GLOBEFISH - Information and Analysis on World Fish Trade

Tightening supplies and high prices for snow crab and king crab

10/03/2017

While prices for snow crab and king crab have been high recently due to tighter supplies, prices for other species have not increased. On the US west coast, dungeness crab is in short supply, but prices have barely moved since last year

Supplies

The west coast dungeness crab landings were down by as much as 40–45 percent this year, mainly due to high domoic acid levels. In California, the dungenes crab fishery was completely closed for much of the season due to the levels. Strangely, prices were significantly lower despite scarce supplies, with some blaming the short harvesting season.
In contrast, high levels of domoic acid left the Alaskan crab fishery unscathed. Although landings were slightly down compared with 2015, prices remained steady. The average first-hand price to fishers was up only marginally, from US$2.99 per lb last year to US$3.03 per lb this year (Source: Undercurrent News).

Alaska stocks of snow (opilio) crab and tanner (bairdi) crab may be in some danger, according to reports by Seafood.com. The 2015–2016 snow crab landings were down by 40 percent compared with the 2014–2015 season. Recent NOAA figures indicate that the male biomass has declined for all of the major crab species in the region, with the largest decline registered for opilio crab.

In Canada, snow crab landings were well below the 42 650 tonne quota at the end of the Newfoundland season. According to figures from the Department of Fisheries and Oceans, 37 958 tonnes had been landed. This is the lowest catch since 1996. Unlike Alaskan and dungeness crab, snow crab prices have risen in response to weak supplies. Snow crab quotas in Alaska were cut by 40 percent, and this helped push snow crab prices up significantly.
Norway reports excellent catches of the local crab species Cancer pagurus, which is very similar to the dungeness crab (Cancer magister). Processors in central Norway reported that they have never before received such large amounts for processing, and the quality is reported to be very good. This species is sold mostly whole fresh or frozen and picked meat packed in crab shell (frozen or fresh), often with the claws as a side product. The largest processor, Hitramat, annually produces around 3 000–4 000 tonnes of this crab.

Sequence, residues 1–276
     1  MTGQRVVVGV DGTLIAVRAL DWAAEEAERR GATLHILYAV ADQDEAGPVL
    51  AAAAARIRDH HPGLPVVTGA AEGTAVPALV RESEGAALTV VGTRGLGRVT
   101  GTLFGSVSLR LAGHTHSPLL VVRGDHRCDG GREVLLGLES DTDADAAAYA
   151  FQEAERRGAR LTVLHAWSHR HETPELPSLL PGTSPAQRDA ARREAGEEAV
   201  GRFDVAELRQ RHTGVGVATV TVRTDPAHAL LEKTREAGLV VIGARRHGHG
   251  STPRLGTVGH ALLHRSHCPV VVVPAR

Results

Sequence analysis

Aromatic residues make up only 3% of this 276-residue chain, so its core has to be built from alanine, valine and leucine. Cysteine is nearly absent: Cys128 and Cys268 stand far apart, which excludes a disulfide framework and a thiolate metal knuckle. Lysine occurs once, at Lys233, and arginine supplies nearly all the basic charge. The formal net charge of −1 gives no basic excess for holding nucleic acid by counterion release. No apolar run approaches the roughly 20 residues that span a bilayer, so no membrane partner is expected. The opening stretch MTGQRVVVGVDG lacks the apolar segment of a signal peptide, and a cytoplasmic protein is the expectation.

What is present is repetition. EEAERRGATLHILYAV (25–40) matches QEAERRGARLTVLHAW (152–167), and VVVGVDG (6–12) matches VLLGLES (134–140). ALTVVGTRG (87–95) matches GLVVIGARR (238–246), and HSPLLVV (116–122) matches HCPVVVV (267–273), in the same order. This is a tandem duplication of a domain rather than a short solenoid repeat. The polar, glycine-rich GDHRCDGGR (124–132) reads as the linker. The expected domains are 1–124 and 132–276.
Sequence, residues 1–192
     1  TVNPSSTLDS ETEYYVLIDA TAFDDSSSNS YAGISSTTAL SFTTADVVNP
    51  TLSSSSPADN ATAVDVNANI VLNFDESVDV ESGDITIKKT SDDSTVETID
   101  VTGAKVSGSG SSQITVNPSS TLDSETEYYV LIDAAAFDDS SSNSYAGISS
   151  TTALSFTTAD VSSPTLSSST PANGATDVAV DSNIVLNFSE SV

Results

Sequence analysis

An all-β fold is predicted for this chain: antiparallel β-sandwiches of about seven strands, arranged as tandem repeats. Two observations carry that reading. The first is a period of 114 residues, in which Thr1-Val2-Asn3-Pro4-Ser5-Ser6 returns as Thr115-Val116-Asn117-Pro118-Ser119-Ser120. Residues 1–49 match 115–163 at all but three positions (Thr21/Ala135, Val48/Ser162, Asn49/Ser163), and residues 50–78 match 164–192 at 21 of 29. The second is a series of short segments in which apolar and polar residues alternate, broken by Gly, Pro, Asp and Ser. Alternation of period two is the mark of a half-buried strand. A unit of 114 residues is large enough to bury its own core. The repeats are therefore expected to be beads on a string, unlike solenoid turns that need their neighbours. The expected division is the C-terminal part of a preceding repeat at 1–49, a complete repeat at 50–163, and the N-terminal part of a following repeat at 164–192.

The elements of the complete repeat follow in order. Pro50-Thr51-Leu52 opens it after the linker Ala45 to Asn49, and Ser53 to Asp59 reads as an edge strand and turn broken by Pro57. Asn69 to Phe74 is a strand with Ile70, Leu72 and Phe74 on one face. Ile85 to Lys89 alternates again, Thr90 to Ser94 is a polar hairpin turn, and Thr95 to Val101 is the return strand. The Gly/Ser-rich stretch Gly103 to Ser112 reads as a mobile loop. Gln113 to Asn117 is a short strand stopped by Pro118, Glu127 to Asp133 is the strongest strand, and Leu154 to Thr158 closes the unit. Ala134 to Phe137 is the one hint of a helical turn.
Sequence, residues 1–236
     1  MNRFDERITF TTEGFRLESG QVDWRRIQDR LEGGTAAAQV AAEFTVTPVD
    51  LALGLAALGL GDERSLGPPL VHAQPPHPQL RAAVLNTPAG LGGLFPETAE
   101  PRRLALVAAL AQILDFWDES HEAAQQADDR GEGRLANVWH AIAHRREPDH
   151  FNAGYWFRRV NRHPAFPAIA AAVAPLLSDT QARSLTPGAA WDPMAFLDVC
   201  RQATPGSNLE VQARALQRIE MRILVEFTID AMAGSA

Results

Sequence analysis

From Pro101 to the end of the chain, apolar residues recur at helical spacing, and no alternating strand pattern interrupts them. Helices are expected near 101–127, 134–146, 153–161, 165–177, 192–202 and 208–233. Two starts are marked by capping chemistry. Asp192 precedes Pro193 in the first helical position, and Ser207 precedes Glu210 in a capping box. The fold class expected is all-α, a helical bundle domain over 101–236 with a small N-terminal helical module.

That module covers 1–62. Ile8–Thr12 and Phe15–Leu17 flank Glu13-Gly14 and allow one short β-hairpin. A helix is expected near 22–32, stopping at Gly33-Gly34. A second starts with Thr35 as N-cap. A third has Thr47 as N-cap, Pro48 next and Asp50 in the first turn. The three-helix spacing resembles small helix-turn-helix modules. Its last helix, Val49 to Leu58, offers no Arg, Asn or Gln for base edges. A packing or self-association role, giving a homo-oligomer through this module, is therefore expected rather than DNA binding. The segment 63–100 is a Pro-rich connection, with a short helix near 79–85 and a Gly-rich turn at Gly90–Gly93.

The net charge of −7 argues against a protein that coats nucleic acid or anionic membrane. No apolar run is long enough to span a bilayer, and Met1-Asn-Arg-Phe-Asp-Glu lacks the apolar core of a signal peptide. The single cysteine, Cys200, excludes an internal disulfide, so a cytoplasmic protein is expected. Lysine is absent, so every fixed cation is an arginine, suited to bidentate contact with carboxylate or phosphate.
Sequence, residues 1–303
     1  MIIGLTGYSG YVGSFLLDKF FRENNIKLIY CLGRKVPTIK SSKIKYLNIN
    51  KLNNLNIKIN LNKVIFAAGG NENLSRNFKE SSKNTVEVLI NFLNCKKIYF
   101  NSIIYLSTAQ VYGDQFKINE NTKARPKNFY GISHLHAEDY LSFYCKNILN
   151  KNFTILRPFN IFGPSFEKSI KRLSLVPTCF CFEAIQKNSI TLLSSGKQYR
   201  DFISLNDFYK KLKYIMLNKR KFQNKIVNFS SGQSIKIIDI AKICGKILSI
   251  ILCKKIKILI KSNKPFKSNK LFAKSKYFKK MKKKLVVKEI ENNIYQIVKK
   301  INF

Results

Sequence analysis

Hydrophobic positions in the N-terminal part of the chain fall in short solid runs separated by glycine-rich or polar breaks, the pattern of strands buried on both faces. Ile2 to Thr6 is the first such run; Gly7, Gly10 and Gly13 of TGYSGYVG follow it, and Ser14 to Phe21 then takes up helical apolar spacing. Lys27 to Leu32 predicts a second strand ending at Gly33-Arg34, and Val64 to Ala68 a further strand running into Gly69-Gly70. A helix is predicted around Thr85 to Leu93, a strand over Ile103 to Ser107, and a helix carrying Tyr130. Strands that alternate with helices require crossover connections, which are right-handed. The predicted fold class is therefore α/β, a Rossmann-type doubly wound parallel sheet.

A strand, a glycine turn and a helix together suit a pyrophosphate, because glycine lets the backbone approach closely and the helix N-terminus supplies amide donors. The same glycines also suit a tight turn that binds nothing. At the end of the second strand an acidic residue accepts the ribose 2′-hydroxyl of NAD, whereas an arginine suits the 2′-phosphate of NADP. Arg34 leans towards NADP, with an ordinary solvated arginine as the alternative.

International trade

During the first half of 2016, US imports of crab increased slightly. Imports grew from 60 800 tonnes to 63 600 tonnes (+4.5 percent).
Japanese imports also rose, but at a steeper rate. During the first half of the year, Japan imported 13 300 tonnes of crab, up from 10 700 during the same period in 2015 (+24.3 percent). However, Japanese imports of Canadian (Newfoundland) snow crab have dropped by half as a result of poor landings, making imports more expensive. The strong yen, which was thought to offset the US dollar price increases somewhat, only partially did so.
Chinese demand for crab is strong, with demand for live crab particularly good. Improved cargo flight service by Cathay Pacific between Portland, Oregon (USA) and Hong Kong SAR has also helped open this new opportunity to West Coast exporters of crab.
Previously, GH has reported on the fight against IUU crab fishing in the Russian Federation and in June, the Russian Federation and China signed an agreement to curb IUU caught crab trade. In recent years, China has become a major destination for illegally caught Russian crab. Much of this trade has been channelled through the Democratic People's Republic of Korea. With this agreement, it is now expected that the illegal trade will taper.

Prices

The big operators in the king crab trade, the Russian Federation and USA (Alaska), are expecting that the present high prices will continue to move upwards, especially for medium and small-sized products. Demand is strong and supplies limited, with higher prices resulting. In addition, the Asian markets are showing growing interest in this product.
Snow crab prices have reached record levels this year due to short supplies. Despite the high prices, global demand seems to be very strong – both in North America as well as in Asia – although exports to Asia are down this year as a result of the tight supply situation.

Northern European (mainly Norwegian) king crab prices have also been very high this season. Catches were a bit behind last year, due to bad weather, but are now picking up again. Volumes landed are still relatively small, and although currently this fishery has little impact on world crab markets, it will be interesting to see how this develops in the long-term.

Prices for blue swimming crab have been low for the past year, but are now beginning to stabilize. Record exports of this product from China and Indonesia have put downward pressure on prices over the past year or so. US imports of blue swimming crab meat were up by about 10 percent in 2015 compared with 2014, and have shown a steady increase over the past three years. According to experts at the recent Global Seafood Marketing Alliance conference in Miami, the oversupply situation is beginning to ease, and prices should therefore stabilize soon.

The report analyses the octopus market situation over the period January-October 2016

 

 

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